Of course, paper does not always translate into fact. Speakers get hit by trucks, they have to bail their children out of jail (a recent NJEF occurance,) or they just run late. Recently, at State Chamber of Commerce, 30 very high level business leaders sat waiting the appearence of the head of the Assembly’s Budget Committee. With absolute seamless continuity, Chamber moderator Mary Ellen Peppard transformed a lecture on state taxes, into a open forum on the same subject. The speaker - held up in an emergency meeting with the Governor - never showed. Yet, everyone learned and went away gratified. When the best laid plans go awry, it always helps to have a plan B to slip into place.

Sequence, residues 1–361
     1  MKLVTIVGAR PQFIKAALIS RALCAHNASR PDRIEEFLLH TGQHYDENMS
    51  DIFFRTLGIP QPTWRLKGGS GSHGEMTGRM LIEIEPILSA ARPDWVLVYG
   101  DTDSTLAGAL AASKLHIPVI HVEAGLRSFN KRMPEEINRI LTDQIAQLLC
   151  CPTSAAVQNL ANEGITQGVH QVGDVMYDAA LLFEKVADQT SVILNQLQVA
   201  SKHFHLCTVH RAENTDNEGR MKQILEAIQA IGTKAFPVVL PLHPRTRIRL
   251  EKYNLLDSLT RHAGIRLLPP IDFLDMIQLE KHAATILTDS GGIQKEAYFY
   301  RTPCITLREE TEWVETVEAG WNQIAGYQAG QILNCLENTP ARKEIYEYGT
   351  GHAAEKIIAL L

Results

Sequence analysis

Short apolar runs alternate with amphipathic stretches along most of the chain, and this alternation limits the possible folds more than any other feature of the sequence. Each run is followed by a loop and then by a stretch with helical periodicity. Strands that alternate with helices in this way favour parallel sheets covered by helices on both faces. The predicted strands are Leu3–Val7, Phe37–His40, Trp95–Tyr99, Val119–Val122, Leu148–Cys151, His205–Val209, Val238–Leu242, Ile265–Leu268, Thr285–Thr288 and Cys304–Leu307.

Even if you did not write an agenda, you will almost certainly want to send out some follow up notes. Nothing feels more like the futility of Sisyphus than a meeting that ends merely because the allotted time is up. Any leader who wants his team to ever return had better write up some conclusions which tell of decisions reached and detail all the progress made during this session. In this process of recording and showing people that their time was not wasted, the scribe himself may realize new things that were achieved during the session. * Where Oh Where? Attendees never really think about it, but when Biz4NJ founder Pravin Philip calls meetings, the locale is frequently varied and the atmosphere always effective. When a new or outside individual is coming in to confer with several members of the company team, they often gather at a restaurant, or some out-of-office place. Meeting in the office implies turf. Just as pet owners know you don’t initially introduce new animals into the old pet’s territory, so humans meeting for the first time feel more comfortable on neutral ground.